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Posts Tagged ‘Mushroom’

Mushrooms near the composte

Mushrooms

Whenever we’re at the Shore I seem to cook much more than I do in NYC.  Perhaps it’s because I love to grocery shop here at my favorite market – Wegman’s!  Or maybe it’s because I have a real kitchen in my cottage and not the typical Manhattan work space.  Or maybe it’s not so easy to grocery shop in New York because I have to carry all my groceries home and/or have Peter tag along to carry a few bags or take my little red grocery cart and pile my bags in that.  But above all, one cannot deny how easy it is to eat out or order in any night of the week in The City.  BUT tonight we feasted on a savory Mushroom Lasagna and sautéed broccoli with garlic – A delicious vegetarian version of Italian food staple.

2 # mixed mushrooms – sliced uniformly (I used Shitake, Portobello, white, and Baby Bello)

1 onion medium dice

2 garlic cloves minced

2 TBS butter

1 TBS olive oil

1 heaping TBS of chopped rosemary

1 1/2 cups of whipping cream

2 cups of radicchio, cored and sliced

1 3/4 cups grated cheese

6 sheets of lasagna sheets (fresh lasagna noodles come in wide sheets)

Salt and pepper

Preheat oven 375 degrees

Melt butter and add olive oil and chopped onions. Saute over med-low heat till onions are soft and translucent but not brown.  Add in minced garlic and rosemary and cook stirring a minute or two till garlic is fragrant.  

Add mushrooms and 3/4 tsp salt and some pepper.  Increase heat to medium and cook mushrooms till soft 10-15 minutes.  Add cream and bring to a simmer 2-3 minutes.  Adjust seasonings.  Don’t make sauce too thick or there won’t be enough liquid to cook noodles.  

In a 9 x 13 baking dish, put 1/2 cup of the mushroom mix on the bottom.  Top with 2 lasagna sheets, then 1 cup of mushroom mix, 1 cup of radicchio and 1/2 cup of grated cheese.  Repeat.  

Top 3rd layer of noodles with all remaining mixture and 3/4 cup cheese.  Bake uncovered 35-45 minutes – Cool 5 minutes.

 

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It’s Tasty Tidbits Tuesday and now that Monday’s snow has turned into gray slush around here, we’re getting ready for tomorrow’s snow storm.  And when and where’s there’s snow, there will be soup!  

English: "Painted Pony" dry bean (Ph...

 “Painted Pony” dry bean (Phaseolus vulgaris) (Photo credit: Wikipedia)

I have made this soup many, many times and each time it has received amazing accolades, yes really!  It’s rich and hearty and absolutely a fantastic soup to make when the weather is blustery and cold and snowy.  It’s also vegetarian except when I make it because I’m partial to chicken broth.  But if you are vegan and/or vegetarian, you know what to do about the broth.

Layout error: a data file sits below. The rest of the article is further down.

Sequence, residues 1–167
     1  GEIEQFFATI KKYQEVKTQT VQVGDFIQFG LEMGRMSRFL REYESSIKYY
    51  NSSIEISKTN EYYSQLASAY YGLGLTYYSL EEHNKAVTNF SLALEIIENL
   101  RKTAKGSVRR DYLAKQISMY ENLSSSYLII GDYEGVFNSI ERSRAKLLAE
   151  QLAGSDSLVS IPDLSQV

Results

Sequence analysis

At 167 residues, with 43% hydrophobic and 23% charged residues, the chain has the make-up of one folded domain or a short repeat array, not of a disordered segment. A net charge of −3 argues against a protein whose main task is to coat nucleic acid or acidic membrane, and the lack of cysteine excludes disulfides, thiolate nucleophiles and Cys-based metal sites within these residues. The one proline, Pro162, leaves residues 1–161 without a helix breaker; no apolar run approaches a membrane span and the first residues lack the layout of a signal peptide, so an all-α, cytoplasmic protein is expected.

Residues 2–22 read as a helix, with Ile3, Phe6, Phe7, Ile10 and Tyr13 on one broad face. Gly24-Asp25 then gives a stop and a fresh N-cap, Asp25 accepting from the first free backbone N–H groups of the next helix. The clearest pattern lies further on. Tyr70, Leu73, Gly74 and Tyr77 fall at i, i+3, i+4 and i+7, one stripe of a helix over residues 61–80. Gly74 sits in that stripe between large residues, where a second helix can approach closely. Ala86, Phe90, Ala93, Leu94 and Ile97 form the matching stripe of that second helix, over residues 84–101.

The recipe calls for Borlotti beans which are very much like our own pinto beans.  The woodsy  aroma and flavor of the dried porcini subtly flavors this soup.

2 ounces of dried porcini mushrooms (or other dried mushrooms)

1 cup of boiling water

3 TBS of olive oil

1 medium-size onion, peeled and finely chopped

2 cups pinto beans (1 can rinsed and drained)

1 cup chopped canned tomatoes with their juice

3 cups broth

Kosher salt

1/2 cup dry tubetti or other small tubular pasta such as ditallini

Freshly grated Parmesan cheese

Place the mushrooms in a heat-proof glass measuring cup with the boiling water; allow to stand 30 minutes.  Strain the mushrooms through a double thickness of paper towels, reserving the liquid, and coarsely chop.  You should have about 1/2 cup of chopped mushrooms.

Heat the oil in large saucepan over medium-high heat.  Add the onions.  Cook until the onion begins to soften, 2 to 3 minutes.  Add the garlic, beans-mashing some of them against the side of the pot – tomatoes, mushrooms with 1/4 cup of their soaking liquid, and the broth.  Turn the heat to high; bring the soup to a boil. Reduce the heat to medium-low; simmer until the soup is thick, about 20 minutes.  Season with salt to taste.  Add the pasta; continue cooking, stirring occasionally, until it is tender but still firm, al dente, about 10 minutes longer.  Serve with Parmesan.

Recipe from PASTA VERDE  cookbook

  

 

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Ocean Spray Craisins brand dried cranberries

Ocean Spray Craisins brand dried cranberries (Photo credit: Wikipedia)

I know it seems unlikely that anybody would NOT want  love mashed potatoes with their Thanksgiving turkey, but it’s true. And for those guests and any Vegans at your table, you might want to include this really neat dish.  It’s seasonal, textural and nutritious.

WILD RICE with MUSHROOMS, CRANBERRIES and WALNUTS

Salt

2 cups wild rice

2 cups wheat berries, soaked in 3 cups water overnight and drained

3/4 cup dried cranberries

2 TBS canola oil or other neutral oil

6 medium or 3 large portobello mushrooms, cleaned, stemmed and in large dice (3 cups)